I grew up being completely ignorant about transgender people. I was raised Roman Catholic and the topic of being transgender was simply never brought up in church. The local public school system never mentioned that topic either in all the years I was a student there. The first person I recalled who actually had sex-reassignment surgery was a British man named James Morris, who became known as Jan Morris after having the surgery. I was a kid then and I thought it was pretty mind-blowing that one could change genders like that. I remember Jan Morris got tons of publicity and it ignited all kinds of debate about transsexuals (which is what transgender people were referred as at the time).

A few years later a tennis player named Renée Richards attempted to compete in the U.S Open as a female athlete. She became controversial when it was revealed that she was originally born a man and she, too, had a sex change operation. There were female tennis players who protested the idea of her being included in their tournaments.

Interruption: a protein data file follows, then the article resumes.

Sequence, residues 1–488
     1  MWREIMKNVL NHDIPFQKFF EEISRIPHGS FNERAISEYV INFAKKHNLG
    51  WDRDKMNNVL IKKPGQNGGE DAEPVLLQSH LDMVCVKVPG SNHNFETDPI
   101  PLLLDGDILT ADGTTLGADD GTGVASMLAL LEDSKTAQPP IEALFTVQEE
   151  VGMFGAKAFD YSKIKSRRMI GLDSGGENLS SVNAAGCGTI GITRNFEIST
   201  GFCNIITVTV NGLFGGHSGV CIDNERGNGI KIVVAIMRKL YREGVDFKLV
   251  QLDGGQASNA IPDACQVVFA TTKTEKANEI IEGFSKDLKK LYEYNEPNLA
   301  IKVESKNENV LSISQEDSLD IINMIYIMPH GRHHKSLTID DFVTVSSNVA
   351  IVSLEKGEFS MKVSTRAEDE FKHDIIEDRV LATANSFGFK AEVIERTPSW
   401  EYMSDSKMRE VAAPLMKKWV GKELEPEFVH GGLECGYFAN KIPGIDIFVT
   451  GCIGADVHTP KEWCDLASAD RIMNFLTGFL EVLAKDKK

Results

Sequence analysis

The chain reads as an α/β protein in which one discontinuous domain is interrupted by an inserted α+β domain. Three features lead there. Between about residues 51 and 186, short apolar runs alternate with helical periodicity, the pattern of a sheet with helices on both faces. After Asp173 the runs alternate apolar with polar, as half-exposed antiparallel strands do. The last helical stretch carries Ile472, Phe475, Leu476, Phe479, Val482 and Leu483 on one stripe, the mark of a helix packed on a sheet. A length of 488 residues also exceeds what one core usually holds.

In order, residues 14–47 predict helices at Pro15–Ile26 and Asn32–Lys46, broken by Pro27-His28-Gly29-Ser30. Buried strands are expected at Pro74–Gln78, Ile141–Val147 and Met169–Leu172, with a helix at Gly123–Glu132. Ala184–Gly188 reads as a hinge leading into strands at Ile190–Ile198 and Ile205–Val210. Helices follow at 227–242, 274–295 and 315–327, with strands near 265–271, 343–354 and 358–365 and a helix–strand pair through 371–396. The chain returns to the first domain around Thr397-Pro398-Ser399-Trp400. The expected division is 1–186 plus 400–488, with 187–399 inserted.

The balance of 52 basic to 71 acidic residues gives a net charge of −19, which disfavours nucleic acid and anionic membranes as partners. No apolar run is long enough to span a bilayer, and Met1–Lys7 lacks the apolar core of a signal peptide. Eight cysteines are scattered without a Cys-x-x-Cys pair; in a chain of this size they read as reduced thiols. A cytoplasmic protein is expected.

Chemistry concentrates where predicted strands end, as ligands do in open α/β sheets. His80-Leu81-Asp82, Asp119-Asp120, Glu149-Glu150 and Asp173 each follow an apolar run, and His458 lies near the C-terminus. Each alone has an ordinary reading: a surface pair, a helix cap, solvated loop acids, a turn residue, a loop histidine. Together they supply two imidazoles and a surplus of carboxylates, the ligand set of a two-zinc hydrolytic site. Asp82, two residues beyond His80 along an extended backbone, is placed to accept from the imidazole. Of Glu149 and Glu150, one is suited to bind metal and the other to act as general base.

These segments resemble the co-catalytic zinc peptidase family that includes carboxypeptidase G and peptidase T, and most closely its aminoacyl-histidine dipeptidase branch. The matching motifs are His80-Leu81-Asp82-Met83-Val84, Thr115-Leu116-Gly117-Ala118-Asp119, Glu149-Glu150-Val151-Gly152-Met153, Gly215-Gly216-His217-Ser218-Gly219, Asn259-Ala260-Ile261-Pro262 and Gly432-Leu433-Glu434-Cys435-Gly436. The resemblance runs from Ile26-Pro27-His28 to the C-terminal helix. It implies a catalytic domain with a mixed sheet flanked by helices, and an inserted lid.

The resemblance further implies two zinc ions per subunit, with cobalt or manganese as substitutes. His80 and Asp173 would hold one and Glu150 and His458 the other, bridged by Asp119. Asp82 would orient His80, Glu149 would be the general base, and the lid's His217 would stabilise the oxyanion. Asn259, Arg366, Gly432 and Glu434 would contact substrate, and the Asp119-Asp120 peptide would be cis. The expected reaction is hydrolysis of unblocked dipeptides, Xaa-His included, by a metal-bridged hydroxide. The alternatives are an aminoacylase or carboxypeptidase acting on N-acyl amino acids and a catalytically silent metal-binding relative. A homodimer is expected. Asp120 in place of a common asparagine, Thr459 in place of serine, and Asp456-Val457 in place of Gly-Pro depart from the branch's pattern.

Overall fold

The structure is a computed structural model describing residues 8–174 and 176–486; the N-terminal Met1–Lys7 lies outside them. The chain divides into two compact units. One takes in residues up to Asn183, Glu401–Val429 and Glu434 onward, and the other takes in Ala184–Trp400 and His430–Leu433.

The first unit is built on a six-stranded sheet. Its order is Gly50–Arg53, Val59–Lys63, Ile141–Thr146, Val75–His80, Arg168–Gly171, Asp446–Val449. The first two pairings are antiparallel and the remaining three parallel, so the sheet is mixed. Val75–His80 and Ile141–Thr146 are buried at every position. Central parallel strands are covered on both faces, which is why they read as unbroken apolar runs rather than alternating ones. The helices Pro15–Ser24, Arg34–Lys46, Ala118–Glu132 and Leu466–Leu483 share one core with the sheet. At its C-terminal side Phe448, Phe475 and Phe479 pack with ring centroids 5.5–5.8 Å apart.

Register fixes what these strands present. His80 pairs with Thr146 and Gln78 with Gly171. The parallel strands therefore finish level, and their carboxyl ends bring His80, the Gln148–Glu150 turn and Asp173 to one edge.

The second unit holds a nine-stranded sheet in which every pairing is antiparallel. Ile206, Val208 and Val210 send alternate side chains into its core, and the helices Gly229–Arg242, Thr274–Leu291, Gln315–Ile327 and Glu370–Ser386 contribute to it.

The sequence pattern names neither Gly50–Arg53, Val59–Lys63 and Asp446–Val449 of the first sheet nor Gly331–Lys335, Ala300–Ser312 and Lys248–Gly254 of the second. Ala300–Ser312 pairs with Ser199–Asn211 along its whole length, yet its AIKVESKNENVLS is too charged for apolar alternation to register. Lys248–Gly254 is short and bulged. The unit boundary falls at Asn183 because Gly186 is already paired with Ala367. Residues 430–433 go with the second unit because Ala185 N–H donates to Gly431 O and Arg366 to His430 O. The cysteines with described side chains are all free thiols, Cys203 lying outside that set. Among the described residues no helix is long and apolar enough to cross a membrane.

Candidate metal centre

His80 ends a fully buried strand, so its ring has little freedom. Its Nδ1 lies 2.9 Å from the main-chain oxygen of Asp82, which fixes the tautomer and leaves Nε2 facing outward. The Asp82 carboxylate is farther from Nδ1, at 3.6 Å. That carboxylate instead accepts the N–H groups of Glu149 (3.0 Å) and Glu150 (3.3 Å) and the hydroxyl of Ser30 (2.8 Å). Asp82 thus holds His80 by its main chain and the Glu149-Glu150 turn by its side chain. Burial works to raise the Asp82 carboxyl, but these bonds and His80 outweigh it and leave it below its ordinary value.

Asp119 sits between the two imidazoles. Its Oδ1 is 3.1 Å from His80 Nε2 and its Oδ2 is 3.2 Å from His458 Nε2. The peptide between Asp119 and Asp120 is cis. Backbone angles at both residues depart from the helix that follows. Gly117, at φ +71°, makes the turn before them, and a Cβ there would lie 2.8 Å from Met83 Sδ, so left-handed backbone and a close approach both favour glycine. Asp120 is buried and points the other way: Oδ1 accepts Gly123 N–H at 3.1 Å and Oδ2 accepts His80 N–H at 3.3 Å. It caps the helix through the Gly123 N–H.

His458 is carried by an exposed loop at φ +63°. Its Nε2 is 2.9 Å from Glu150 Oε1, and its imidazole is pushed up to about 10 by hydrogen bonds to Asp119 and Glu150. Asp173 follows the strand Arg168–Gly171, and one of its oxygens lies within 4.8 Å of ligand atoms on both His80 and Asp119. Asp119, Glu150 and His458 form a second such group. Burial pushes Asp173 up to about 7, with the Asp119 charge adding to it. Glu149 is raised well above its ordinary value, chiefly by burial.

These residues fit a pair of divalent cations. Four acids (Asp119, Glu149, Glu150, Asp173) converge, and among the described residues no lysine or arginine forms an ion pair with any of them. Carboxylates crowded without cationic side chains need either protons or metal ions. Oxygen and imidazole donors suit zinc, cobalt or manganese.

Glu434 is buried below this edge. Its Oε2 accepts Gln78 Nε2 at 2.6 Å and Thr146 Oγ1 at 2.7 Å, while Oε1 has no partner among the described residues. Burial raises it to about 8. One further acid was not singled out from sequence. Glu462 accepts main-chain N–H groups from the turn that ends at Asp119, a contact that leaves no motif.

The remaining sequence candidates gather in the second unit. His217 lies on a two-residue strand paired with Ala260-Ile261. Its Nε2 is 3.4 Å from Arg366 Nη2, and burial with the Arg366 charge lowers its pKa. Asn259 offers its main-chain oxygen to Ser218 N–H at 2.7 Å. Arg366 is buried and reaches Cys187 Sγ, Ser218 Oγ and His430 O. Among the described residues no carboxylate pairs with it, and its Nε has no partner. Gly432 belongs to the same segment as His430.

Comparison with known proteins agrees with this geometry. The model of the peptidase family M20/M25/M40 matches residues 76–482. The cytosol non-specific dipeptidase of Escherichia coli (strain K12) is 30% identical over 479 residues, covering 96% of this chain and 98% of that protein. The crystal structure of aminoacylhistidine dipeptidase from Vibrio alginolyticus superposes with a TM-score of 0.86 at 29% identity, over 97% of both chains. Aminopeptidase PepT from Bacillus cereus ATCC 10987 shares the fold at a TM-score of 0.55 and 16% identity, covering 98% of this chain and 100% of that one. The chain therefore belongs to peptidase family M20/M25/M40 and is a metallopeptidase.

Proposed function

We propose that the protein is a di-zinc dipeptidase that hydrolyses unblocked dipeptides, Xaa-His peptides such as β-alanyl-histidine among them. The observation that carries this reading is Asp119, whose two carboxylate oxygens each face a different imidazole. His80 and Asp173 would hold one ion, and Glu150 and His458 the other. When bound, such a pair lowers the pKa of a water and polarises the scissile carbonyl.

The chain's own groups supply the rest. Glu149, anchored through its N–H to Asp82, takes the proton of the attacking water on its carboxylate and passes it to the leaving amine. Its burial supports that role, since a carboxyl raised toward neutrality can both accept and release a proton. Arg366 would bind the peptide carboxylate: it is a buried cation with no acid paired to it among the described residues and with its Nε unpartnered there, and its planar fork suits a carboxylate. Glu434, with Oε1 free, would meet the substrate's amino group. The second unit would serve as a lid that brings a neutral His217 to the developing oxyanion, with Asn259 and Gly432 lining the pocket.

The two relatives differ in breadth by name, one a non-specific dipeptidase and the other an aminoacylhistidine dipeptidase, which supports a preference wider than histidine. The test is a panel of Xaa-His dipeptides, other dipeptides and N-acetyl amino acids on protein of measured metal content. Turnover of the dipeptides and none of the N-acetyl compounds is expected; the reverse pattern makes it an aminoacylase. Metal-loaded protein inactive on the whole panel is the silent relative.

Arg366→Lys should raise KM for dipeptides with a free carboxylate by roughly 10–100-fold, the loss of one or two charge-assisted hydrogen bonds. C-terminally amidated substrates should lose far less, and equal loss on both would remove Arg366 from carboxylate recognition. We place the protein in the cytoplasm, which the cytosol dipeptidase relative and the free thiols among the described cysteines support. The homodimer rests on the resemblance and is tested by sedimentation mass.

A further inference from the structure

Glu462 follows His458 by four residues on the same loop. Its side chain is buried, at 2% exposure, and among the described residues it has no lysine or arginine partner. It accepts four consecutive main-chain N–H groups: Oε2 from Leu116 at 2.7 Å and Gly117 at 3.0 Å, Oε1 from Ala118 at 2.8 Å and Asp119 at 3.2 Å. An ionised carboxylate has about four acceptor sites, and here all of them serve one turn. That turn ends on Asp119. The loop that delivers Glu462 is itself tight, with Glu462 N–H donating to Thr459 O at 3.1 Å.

When I was in college I picked up a copy of Gloria Steinem’s book Outrageous Acts and Everyday Rebellions, which was a compilation of articles that she wrote in the 1960’s and 1970’s. Among those articles was a 1977 essay about the Renée Richards controversy called “Transsexualism.” Her hypothesis was that people opted for sex change operations because of the rigid gender roles that were proscribed in society, which dictates that boys don’t cry and girls don’t play sports. She basically said that if society were to loosen gender roles then men won’t feel the need to have sex change operations so they can express emotions more easily and women could play sports without having sex change operations to become men. Her closing words were “But the question remains: If the shoe doesn’t fit, must we change the foot?”